Moritz Seider turned 21 a month ago. And visually, in the online conversation on Sunday afternoon, with the black cap that he is wearing upside down and the shaggy hair peeking out from under, he does not look like one of the undisputed leaders of the German national ice hockey team at the World Cup in Finland. All the more impressive is the maturity that the defender exudes on the ice in his third A World Championship.
The first two appearances in Helsinki already revealed the extraordinary qualities of Seider, who was born in Zell an der Mosel, later matured into one of the greatest German ice hockey talents in Mannheim and was so convincing in his first NHL season for the Detroit Red Wings that shortlisted for the Calder Trophy, which recognizes the best rookie in the North American professional league. “I just try to put my teammates in the limelight. Sometimes that sounds better, sometimes worse,” Seider tries to explain his overmaturity. “I simply had the privilege of being able to play with very good and experienced players at an early stage.”
In the first World Cup appearance on Friday against Canada (3:5), Seider impressed with one goal and two assists, but the DEB team only really took off in the last third. Just one day later, in the very important 2-1 win against Slovakia, Seider embodied the game that has distinguished Germany on the World Cup stage for several years. “Our virtues came to the fore more than in the Canada game.” Germany is the clear favorite against France on Monday (7:20 p.m.). Seider knows: “We aspire to be among the top six in the world.”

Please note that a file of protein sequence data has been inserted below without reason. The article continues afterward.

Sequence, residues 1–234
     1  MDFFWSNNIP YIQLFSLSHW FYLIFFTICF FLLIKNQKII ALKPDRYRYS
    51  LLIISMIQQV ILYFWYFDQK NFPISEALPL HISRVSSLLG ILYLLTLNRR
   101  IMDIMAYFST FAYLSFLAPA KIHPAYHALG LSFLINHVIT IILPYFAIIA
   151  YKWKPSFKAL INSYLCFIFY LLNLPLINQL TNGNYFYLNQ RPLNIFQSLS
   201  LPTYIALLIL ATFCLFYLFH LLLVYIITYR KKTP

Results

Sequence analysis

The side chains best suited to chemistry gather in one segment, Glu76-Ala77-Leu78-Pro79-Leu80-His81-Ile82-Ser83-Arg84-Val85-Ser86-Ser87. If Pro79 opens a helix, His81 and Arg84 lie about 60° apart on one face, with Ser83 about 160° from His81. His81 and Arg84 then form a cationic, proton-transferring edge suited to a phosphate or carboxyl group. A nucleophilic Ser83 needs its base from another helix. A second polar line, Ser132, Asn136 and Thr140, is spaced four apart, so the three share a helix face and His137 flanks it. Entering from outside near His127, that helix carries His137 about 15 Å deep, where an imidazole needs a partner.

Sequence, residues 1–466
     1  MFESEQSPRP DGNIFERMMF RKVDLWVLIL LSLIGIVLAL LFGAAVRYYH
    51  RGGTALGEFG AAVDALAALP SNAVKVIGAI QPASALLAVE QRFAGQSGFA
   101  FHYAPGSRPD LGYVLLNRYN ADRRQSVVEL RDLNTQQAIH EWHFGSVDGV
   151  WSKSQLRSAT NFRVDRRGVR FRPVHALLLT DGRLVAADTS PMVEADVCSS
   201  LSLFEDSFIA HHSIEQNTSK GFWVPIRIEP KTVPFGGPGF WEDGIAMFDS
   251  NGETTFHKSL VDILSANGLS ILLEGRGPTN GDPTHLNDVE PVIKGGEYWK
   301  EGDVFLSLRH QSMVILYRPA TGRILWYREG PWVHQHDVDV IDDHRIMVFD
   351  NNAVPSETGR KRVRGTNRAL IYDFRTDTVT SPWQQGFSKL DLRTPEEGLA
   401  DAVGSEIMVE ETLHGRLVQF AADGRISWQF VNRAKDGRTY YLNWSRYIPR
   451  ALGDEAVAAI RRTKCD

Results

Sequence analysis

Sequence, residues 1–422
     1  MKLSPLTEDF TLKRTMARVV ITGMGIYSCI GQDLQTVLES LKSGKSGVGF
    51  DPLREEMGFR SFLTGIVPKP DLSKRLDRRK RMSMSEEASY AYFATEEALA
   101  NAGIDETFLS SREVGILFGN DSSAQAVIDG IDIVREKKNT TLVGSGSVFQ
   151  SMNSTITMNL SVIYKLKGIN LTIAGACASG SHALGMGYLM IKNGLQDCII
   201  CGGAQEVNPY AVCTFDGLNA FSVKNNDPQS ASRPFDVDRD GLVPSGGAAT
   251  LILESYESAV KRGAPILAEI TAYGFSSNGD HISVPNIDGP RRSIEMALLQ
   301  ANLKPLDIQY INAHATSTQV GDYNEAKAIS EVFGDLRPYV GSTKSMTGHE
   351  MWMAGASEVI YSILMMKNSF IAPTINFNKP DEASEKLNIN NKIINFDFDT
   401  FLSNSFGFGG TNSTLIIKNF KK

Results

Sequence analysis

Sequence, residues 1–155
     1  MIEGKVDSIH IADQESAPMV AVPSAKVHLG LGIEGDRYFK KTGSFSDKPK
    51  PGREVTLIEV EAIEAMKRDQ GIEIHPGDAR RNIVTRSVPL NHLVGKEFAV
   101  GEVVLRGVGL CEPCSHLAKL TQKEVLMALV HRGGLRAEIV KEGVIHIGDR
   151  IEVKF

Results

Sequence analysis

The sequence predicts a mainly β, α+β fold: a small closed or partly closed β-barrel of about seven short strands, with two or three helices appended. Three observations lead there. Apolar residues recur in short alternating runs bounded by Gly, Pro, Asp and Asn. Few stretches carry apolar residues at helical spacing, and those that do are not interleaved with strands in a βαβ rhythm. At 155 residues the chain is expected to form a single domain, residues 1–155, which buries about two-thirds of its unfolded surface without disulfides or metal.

Which is due to the remarkable quality in the German team. With keeper Philipp Grubauer, striker Tim Stützle and Seider, there are three professionals in the World Cup team who also enjoy the highest reputation in North America. “Anyone who is in our situation would also love to play the NHL playoffs,” says Seider, “but we all associate the invitation to the national team with great reverence.”
Before showing up for this online meeting, Seider watched key scenes from the crucial seventh game between Edmonton and the Los Angeles Kings, in which national teammate Leon Draisaitl qualified with the Oilers for the next round of the playoffs.
Seider is not too frustrated that he has not yet enjoyed it himself. “The fun of being here clearly outweighs it. Unfortunately, it was clear early on that we wouldn’t make the play-offs.” Although he scored 50 points in 82 games – an enormous number for a defender in his first season at the highest level.
Seider draws great motivation from the consistently good experiences he has with the national team. In 2019, at its World Cup premiere, the team in Slovakia already played well, but then failed a little in the quarter-finals against the Czech Republic. After the compulsory Corona break in 2020, there was not much missing for a medal last year. And after just a few days, Seider felt the spirit that characterizes this team. “Everyone has had a really long season, some have just come straight from the play-offs and have had rock-hard preparation in their legs,” says Seider. “Nevertheless, everyone tears their hearts out of their souls to be able to play for Germany.”
After two years with strict requirements as far as contact outside the ice is concerned, Seider is enjoying getting to know one or the other teammates even better. “We have a lot of stories to tell,” says the defender. Which is particularly true of himself – at just 21 years old.